M/othering in Transnational Space as Curriculum Theorizing: Investigating Interrelationality in a Self/Other Relationship Through Weaving
Hwang, Yeorim Ana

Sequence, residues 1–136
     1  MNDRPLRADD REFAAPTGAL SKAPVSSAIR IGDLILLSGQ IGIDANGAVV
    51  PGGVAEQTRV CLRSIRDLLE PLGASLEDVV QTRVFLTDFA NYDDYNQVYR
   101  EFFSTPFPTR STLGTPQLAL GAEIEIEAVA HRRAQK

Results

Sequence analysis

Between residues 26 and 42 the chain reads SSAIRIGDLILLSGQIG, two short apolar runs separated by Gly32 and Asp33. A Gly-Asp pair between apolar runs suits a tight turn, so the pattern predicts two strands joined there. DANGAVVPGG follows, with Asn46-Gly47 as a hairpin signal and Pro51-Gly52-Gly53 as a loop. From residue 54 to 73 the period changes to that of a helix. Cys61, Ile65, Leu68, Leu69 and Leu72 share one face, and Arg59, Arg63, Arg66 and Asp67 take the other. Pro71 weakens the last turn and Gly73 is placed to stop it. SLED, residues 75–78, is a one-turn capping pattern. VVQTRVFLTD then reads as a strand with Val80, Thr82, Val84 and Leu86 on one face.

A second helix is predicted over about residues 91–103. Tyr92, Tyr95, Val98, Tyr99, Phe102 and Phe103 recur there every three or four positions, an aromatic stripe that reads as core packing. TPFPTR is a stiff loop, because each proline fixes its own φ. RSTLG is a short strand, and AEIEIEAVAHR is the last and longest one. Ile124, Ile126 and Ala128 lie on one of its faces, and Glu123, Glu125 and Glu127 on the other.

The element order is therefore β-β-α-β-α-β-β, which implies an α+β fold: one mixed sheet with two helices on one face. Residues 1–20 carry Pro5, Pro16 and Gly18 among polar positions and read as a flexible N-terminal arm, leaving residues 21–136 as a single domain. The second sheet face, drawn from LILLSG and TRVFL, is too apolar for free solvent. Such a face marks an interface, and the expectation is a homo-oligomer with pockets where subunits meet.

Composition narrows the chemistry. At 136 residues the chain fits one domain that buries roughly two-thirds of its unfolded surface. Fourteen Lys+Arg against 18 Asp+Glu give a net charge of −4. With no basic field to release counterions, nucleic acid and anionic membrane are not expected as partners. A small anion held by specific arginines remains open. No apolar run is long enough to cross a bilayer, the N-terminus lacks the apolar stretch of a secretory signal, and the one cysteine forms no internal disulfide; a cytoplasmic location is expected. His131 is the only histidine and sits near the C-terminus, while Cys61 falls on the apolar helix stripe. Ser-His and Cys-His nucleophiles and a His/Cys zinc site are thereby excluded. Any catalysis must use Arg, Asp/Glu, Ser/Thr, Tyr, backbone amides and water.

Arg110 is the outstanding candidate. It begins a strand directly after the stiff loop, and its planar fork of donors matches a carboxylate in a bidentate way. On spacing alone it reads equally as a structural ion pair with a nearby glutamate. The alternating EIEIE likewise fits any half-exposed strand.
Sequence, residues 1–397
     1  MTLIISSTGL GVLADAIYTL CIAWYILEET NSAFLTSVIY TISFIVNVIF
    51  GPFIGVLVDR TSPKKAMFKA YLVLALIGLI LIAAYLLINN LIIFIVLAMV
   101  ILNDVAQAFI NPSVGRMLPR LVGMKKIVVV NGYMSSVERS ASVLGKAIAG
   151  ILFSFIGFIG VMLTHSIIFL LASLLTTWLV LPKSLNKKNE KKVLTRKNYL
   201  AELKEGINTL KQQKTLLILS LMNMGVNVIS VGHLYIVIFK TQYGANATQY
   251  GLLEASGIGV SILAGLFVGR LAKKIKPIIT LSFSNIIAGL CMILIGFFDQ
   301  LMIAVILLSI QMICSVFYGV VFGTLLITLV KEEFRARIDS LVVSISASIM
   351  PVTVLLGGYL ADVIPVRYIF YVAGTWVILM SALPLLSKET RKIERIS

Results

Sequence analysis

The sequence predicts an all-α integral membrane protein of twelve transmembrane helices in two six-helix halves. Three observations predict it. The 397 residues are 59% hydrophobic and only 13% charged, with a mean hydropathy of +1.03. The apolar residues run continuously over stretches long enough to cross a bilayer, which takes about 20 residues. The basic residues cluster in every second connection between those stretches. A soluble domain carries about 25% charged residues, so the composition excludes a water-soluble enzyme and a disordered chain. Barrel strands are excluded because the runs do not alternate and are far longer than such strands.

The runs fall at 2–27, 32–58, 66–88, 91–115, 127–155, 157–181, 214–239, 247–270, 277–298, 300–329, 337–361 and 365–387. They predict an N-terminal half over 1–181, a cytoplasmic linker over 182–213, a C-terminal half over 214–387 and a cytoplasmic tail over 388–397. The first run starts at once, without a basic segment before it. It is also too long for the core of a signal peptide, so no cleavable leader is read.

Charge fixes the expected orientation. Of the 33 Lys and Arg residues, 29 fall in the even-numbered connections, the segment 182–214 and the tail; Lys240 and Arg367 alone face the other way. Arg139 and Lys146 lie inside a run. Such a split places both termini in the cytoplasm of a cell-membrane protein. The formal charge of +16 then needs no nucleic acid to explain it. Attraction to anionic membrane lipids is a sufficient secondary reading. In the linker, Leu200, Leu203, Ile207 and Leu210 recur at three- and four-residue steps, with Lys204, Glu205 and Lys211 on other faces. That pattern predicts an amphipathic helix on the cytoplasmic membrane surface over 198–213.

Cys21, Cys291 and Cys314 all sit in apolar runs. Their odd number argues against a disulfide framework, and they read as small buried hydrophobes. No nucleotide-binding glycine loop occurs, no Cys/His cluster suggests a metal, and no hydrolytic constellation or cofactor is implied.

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The purpose of this dissertation study is to explore a different way of thinking otherness in a self/other relationship. Specifically, I theorize m/othering in a transnational context in dealing with otherness in curricular practices. "M/other" is a doubled status of "mother," constantly questioning and troubling a normalized understanding of "good mother." Through the feminist poststructuralist autobiographical inquiry of m/othering, I examine the process of constituting my subjectivities, relationships, and knowledge as well as the complexity of interrelationship within a self/other relationship, focusing on what I encounter in my research process. I investigate the process of constructing my subjectivities as m/other and relationship with my mother in transnational space by analyzing discursive constitution and circulation of discourses of mothering. I also examine the ways in which otherness emerges and works within a self/other (m/other) relationship. By othering my self and my mother from my conventional knowledge of "good mother," I focus on my senses of doubt, confusion, and subversion which prompt diverse ontological statuses of "mother" in problematizing my "naturalized" knowledge of mother. In addition, I reconceptualize a seemingly separate, essentialized self/other relationship by rethinking the notion of weaving. In doing so, I challenge the interrelationship between my self and situated context and map out the formation of my knowledge, subjectivity, and relationship of/as/with m/other through weaving.I delve into the moments of challenging and re/articulations of m/other in my partial knowledge making process. The self and the Other never exist within a fixed form. Rather, the otherness among the subjects emerges anew through un/expected interactions responding to their socio-political situatedness. This inquiry of m/othering through weaving for theorizing curriculum disrupts a monolithic understanding of self, other, and otherness and urges to work multiplicities, interrelations, and flexibilities in complexly connected and continuously changing educational space. This study implies that curriculum continues to transform just like weaving creates diverse patterns. My curriculum theorizing of m/othering provides a different frame to redefine and reconstitute important knowledge in contemporary educational practices which constantly search for unnamed pedagogical possibilities within various interwoven self/other settings.
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